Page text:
Interview by Jennifer Rainey Marquez
More than 5,000 feet above sea level in Mt. Wilson, Calif., sits one of Georgia State’s most renowned facilities — the Center for High Angular Resolution Astronomy (CHARA) Array. The world’s largest optical interferometer, the array is made up of six widely separated telescopes that act together to simulate a single, 330-meter diameter instrument, much larger than any existing telescope.
Using CHARA, researchers can observe stars in incredibly fine detail. The instrument has been used to produce the first images of a nova as it exploded, the sharpest images of young planet-forming stars, and recently, the first direct evidence that groups of stars can tear apart their planet-forming disk, leaving it warped and with tilted rings.
Just after learning this fall that the array would receive $7.1 million from the National Science Foundation (NSF) to expand the facility and its open-access program for scientists, the CHARA staff faced the terrifying possibility that Mt. Wilson could be consumed by the Bobcat Fire, which has burned more than 100,000 acres in the San Gabriel Mountains.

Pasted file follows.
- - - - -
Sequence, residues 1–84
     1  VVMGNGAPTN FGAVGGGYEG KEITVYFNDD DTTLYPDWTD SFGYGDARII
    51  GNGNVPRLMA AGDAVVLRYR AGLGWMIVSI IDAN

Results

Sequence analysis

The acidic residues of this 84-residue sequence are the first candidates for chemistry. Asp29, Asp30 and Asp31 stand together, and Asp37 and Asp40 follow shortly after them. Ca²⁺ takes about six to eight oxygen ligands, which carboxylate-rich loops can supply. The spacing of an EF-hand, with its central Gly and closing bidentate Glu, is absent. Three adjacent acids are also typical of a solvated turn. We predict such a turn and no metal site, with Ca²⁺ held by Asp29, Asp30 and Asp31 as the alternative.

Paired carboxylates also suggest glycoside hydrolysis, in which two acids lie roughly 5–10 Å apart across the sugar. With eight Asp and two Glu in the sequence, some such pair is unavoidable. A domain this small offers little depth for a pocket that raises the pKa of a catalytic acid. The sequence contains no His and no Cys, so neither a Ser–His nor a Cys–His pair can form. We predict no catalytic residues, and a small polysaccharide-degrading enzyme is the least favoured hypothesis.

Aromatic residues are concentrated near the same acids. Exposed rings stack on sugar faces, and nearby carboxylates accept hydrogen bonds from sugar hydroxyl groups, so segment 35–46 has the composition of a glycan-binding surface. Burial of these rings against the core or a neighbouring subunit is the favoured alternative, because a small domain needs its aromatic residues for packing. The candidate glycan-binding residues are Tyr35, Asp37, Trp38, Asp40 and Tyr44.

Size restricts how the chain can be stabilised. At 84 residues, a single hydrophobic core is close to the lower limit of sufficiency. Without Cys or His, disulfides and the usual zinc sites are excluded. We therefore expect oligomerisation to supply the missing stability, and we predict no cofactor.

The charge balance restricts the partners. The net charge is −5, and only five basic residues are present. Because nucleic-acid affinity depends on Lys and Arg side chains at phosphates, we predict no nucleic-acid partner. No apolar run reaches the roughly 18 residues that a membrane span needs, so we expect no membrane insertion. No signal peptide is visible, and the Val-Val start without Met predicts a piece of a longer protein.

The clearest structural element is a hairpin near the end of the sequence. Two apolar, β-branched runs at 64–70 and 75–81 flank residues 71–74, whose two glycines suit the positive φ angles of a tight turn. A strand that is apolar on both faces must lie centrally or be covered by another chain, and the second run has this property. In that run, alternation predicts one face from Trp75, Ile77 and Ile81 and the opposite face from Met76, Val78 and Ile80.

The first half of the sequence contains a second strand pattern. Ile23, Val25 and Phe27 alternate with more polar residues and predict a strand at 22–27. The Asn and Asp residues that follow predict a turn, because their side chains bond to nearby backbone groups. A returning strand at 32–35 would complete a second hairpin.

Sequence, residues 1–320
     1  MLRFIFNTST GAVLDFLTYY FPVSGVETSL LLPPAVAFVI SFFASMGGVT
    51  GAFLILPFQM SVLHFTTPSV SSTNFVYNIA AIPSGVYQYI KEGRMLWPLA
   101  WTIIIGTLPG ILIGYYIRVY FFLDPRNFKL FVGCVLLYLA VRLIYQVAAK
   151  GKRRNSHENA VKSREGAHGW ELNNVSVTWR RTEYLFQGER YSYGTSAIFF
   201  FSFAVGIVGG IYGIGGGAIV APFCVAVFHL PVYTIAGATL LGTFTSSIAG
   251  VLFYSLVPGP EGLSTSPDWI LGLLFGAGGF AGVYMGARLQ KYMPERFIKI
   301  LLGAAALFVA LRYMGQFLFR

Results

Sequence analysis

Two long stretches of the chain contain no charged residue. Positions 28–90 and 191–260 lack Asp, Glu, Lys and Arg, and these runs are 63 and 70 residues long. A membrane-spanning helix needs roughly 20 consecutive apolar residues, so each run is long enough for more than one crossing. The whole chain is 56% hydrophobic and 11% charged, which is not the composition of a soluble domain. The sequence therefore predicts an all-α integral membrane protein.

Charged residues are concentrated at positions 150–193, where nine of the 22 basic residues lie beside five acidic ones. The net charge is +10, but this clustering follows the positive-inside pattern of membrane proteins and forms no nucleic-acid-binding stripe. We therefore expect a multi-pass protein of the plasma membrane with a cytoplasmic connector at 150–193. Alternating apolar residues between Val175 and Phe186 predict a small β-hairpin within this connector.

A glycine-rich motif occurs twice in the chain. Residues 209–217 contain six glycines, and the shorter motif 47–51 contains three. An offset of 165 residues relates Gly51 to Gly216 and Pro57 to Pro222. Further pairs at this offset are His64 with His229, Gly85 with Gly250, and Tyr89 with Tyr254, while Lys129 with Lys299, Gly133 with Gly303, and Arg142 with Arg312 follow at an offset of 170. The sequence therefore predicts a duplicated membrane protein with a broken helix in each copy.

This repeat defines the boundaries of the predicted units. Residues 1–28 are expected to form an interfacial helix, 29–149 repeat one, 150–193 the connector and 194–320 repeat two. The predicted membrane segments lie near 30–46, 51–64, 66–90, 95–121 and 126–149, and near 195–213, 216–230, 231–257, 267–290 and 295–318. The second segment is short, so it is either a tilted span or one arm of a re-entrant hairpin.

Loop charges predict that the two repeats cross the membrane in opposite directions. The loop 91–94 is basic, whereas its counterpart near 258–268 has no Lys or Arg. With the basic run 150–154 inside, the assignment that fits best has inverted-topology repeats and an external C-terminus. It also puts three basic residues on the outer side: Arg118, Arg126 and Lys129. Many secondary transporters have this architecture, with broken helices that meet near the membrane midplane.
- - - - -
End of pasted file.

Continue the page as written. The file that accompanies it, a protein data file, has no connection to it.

“We’ve dealt with wildfires in the past, but this is the closest that a fire has ever gotten to the observatory,” said Doug Gies, Regents’ Professor of Physics and Astronomy and director of the center. “We’ve been holding our breath.”
We spoke with Gies and Theo ten Brummelaar, director of the array, about the harrowing ordeal and the future of CHARA.
This is not the first time that wildfires have threatened Mt. Wilson, but as you note, it’s the first time a fire has gotten this close — within 500 feet of the observatory. What’s it been like these past few weeks?
Gies: It’s a really anxious time. The forest service and all the agencies involved in putting out the fire have been extraordinarily dedicated to keeping the observatory intact. Larry Webster, our site manager, and Craig Woods, assistant site manager, have been working with the fire chiefs around the clock.